It takes disciplined entrepreneurship to build and grow a real estate business.  That happens through the proper execution of management strategies that really work.  You will be building a business to last while adding value to your holdings.  You will learn to avoid making costly mistakes while waking up your creative potential.
It’s about using your emotional intelligence as well as financial and managerial intelligence to best utilize your own strategic set of guidelines for managing your properties.  As an owner, you want to become an effective manager of buildings so that you can harness the power of thinking without thinking about it.  Your pattern of success will then become a regimen you follow automatically.  By doing so you will avoid critical mistakes that can be costly to your bottom line and might drive residents away.

It’s all about working smarter - not harder or longer.  It’s about using data to help you process information and create sustainability for energy usage in each property.  It’s about making the most of your time and being productive with the tools you will learn to use in my guide.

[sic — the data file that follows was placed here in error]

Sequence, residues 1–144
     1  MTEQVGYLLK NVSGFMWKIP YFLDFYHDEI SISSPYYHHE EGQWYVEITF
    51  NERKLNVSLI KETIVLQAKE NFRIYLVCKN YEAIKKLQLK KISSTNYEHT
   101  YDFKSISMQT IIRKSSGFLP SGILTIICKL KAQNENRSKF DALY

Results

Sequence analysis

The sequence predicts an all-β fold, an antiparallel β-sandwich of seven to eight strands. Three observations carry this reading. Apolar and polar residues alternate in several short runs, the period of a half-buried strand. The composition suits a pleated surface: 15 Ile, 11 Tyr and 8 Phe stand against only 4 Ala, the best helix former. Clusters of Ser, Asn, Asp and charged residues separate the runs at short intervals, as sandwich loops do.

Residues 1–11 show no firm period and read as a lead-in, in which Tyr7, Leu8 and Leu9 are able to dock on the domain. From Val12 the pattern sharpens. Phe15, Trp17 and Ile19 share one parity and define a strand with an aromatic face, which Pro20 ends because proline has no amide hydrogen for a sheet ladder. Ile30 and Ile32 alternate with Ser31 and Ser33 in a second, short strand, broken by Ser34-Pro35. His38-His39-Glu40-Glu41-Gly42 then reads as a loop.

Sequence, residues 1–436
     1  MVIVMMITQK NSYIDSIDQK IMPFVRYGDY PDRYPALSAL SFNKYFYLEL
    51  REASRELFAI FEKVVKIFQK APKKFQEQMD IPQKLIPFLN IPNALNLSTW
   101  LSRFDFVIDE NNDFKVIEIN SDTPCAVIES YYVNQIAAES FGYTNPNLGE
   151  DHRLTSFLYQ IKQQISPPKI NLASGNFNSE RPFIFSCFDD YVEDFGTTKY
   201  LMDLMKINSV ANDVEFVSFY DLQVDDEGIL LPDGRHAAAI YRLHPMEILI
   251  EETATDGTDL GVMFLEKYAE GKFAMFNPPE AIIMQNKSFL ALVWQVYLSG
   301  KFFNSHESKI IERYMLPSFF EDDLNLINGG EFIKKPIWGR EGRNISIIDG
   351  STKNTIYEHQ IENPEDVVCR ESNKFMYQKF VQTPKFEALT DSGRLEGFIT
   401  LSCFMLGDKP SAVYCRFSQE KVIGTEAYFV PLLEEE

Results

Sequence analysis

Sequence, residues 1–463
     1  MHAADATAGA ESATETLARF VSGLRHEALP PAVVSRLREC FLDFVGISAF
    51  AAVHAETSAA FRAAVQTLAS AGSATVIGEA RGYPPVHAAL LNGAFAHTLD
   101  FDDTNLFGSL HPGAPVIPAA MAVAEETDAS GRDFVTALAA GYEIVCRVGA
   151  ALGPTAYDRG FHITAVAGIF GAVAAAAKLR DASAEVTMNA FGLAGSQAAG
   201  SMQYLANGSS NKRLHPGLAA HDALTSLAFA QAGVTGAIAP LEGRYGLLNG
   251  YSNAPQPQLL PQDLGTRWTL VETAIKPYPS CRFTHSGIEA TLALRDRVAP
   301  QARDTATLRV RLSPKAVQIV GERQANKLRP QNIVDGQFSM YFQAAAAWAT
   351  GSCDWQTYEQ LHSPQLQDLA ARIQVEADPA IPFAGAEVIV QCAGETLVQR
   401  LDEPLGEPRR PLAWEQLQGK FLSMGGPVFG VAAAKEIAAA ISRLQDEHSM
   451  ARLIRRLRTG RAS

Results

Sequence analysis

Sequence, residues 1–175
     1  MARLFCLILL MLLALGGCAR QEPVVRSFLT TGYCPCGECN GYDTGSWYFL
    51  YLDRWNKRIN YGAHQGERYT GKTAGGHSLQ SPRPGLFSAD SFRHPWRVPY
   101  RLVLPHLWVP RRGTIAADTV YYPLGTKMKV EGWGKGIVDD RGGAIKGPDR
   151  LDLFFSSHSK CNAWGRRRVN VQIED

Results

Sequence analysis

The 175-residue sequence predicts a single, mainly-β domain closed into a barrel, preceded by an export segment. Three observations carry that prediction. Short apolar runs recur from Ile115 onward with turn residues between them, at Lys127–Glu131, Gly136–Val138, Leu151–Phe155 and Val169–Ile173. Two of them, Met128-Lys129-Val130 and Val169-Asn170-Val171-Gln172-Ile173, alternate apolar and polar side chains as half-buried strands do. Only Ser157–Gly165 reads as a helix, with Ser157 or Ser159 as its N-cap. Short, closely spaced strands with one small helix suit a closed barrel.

Most books on managing residential property are one part truth, one part fiction and one part mechanical.  They miss the most important point… the most important ingredient in successfully managing your apartments - the tenants or as I called them ‘my residents.’

During those thirty years in the business I never owned rental property.  I owned apartment buildings, single-family homes and resort property which people rented. Those renters were proud of their homes and I was proud to be providing that housing stock for them to live in.

The one truth I learned from the business of real estate is that the more I could do for my residents they more they felt inclined to do for themselves.  Simply stated, you do right by doing good.  Once my residents knew I cared, they cared…it was as simple as that.

Tuesday, June 16, 2015

Chick Magnet at Seventy

Joel and I at Prom

Being a bon-vivant was never a moniker I wore as a younger man.  Awkward and clueless were probably more apt descriptions of that confusing period in my life.  Just ask my girlfriend in high school or the one in college.  Over the years, I haven’t gotten much better.  Even at seventy-two, navigating that sometimes-treacherous landscape called male-female communications can still be a formidable challenge.